Africa is on the move. From politics to business to the arts, things are changing, being driven by innovators and visionaries, both good and bad. To reflect on a busy year for the continent, we profile the most influential Africans of 2014.
Julius Yego, The self-taught athlete – Kenya
He taught himself how to throw a javelin through clips on YouTube, and this year he won two gold medals. Julius Yego is defying athletic tradition in Kenya, and doing a very good job of it. Born in the Rift Valley, the home to numerous world- class runners, Yego decided he wanted to be different when he picked up the javelin and never looked back. His gold at the Commonwealth Games this year saw him beat the favourite and Olympic gold medalist Keshorn Walcott of Trinidad and Tobago, and his second gold medal at the Africa Championships was less than a metre shy of the national record. Yego is certainly one to watch.
Blessing Okagbare, The golden girl -Nigeria
It’s been a golden year for the Nigerian athlete. In the Commonwealth Games, she left her rivals for dust, winning gold in the 100m in a tournament record, before repeating the feat in the 200m. A couple of weeks later, she picked up two more gold medals in the African Championships in Morocco, in the 100m and 4 x 100m relay. Winning gold is becoming a habit for the Nigerian.
Tirunesh Dibaba, The baby-faced destroyer – Ethiopia
Perhaps the scariest thing about the Ethiopian long-distance runner, apart from her nickname “the baby-faced destroyer”, is that her appetite for victory shows no signs of letting up. The 29-year-old holds the 5,000m world record, five World Championships titles and five Olympic medals (three of them gold), and she has now turned her attention to running marathons. She could only come third in the 2014 London marathon, but that’s not bad for a first-timer.
Dennis Kimetto, The fastest man in the world – Kenya
In the ever-intensifying battle between Kenya’s marathon runners, Dennis Kimetto took the plaudits this September in Berlin as he beat fellow Kenyan Emmanuel Mutai and broke the world record previously held by his other compatriot and rival, Wilson Kipsang. Kimetto is the first man in history to run a marathon in under 2 hours 3 minutes. And at 30, he has years left at the top.
Nijel Amos, The young pretender comes good – Botswana
The 20-year-old middle distance runner looks set to be one half of an epic rivalry that could play out for years to come. In the exceptionally fast 800m final in the London 2012 Olympics, Kenya’s David Rudisha stormed to victory, beating Botswana’s Nijel Amos in second. But since then, Amos has been closing the gap, and in the Commonwealth Games this year, he knocked Rudisha off his perch. Get ready for some very fast 800m races in 2015 and beyond.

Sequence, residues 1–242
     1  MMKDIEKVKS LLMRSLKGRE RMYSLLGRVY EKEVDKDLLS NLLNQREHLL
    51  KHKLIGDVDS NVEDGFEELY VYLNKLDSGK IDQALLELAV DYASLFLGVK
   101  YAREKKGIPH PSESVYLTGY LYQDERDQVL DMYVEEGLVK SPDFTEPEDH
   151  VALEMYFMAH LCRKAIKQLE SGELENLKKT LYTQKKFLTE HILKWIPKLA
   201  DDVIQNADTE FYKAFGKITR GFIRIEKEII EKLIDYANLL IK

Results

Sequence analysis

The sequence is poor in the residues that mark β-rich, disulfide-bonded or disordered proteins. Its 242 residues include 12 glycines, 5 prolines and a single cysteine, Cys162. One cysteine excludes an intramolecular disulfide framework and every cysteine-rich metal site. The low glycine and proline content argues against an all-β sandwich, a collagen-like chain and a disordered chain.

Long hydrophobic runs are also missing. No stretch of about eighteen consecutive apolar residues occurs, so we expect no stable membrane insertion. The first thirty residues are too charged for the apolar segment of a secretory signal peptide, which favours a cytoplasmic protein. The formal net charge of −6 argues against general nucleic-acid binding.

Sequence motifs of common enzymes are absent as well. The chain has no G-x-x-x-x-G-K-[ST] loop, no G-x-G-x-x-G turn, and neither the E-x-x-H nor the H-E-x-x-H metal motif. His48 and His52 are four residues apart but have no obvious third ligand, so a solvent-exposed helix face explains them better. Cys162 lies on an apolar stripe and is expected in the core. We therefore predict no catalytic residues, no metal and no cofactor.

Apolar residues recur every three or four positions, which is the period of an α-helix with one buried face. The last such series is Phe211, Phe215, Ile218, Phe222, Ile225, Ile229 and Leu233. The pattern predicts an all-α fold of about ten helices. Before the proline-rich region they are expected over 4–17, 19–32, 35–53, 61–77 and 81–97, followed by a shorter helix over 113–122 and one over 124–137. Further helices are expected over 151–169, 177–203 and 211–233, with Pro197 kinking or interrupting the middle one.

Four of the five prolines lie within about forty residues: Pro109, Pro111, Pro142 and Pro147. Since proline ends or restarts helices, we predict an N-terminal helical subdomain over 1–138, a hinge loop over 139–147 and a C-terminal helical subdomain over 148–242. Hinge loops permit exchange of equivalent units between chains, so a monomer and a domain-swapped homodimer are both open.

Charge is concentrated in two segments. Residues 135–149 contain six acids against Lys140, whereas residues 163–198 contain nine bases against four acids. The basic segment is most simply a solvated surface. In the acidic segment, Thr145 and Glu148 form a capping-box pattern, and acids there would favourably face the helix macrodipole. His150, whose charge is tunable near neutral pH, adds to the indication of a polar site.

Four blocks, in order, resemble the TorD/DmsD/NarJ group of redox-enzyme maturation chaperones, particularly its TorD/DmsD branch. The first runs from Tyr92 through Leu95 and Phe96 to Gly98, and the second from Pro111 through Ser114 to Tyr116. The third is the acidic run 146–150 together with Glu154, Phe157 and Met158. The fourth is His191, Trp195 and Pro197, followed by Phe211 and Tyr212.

Hashim Amla, The Captain – South Africa
Hashim Amla, one of the finest batsmen of his generation, made South African sporting history in June by becoming his country’s first non-white permanent Test captain. His predecessor, Graeme Smith, is a tough act to follow, but Amla immediately won round the team and the public with his calm authority that many will recognise from his batting. His impact was swift, leading his team to the top of the world rankings by beating Sri Lanka on their home patch for the first time since 1993
Yaya Touré, The midfielder tackling agriculture – Côte d’Ivoire
He’s better known for his surging runs at the opposition and bossing the play, but this year the Manchester City star has been influential not just in the midfield but also the maize field. As a Goodwill Ambassador for the UN Environmental Programme, Yaya Touré has been calling on Africans to come together to demand that their governments invest more in agriculture.
Luol Deng, The NBA veteran – South Sudan
After ten successful years playing for the Chicago Bulls, Luol Deng is now a forward for the Miami Heat. A British citizen born in present day South Sudan, Deng is no stranger to change and is set to surpass his scoring average for the 2014-2015 season. Together with teammate Dwyane Wade, will Deng push the Heat towards a fifth consecutive NBA final?
Asisat Oshoala, The female football star of the future – Nigeria
The young Nigerian football star stole the spotlight at the 2014 FIFA U-20 Women’s World Cup, where she was not only the top goalscorer, but hailed as the player of the tournament. Oshoala’s upward trajectory towards greatness will recommence when she plays for Nigeria’s Super Falcons at the 2015 FIFA Women’s World Cup. Still only 20, Asisat is on course to become Africa’s finest female footballer. Watch out for her.
Vincent Enyeama, The show-stopping shot-stopper – Nigeria
Africa’s image didn’t fare all that well in the 2014 World Cup amidst reports of pay disputes, player strikes and alleged match-fixing. But one man who came away with a greatly enhanced reputation was Nigeria’s athletic, exuberant, heroic goalkeeper. It is unlikely Nigeria would have reached the knock-out stages without Vincent Enyeama’s lightning- fast reactions and full-stretch fingertip saves.